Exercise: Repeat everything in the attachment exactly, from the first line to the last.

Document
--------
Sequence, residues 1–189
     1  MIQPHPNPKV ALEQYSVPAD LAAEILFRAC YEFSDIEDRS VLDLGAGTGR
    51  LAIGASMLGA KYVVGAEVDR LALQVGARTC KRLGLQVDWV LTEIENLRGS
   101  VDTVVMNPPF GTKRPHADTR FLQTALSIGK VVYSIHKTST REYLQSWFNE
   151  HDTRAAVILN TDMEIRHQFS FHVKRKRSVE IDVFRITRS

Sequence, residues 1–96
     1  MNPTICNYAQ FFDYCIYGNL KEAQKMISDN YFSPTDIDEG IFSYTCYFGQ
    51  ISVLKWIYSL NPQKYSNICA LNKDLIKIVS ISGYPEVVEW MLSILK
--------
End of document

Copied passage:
Sequence, residues 1–189
     1  MIQPHPNPKV ALEQYSVPAD LAAEILFRAC YEFSDIEDRS VLDLGAGTGR
    51  LAIGASMLGA KYVVGAEVDR LALQVGARTC KRLGLQVDWV LTEIENLRGS
   101  VDTVVMNPPF GTKRPHADTR FLQTALSIGK VVYSIHKTST REYLQSWFNE
   151  HDTRAAVILN TDMEIRHQFS FHVKRKRSVE IDVFRITRS

Sequence, residues 1–96
     1  MNPTICNYAQ FFDYCIYGNL KEAQKMISDN YFSPTDIDEG IFSYTCYFGQ
    51  ISVLKWIYSL NPQKYSNICA LNKDLIKIVS ISGYPEVVEW MLSILK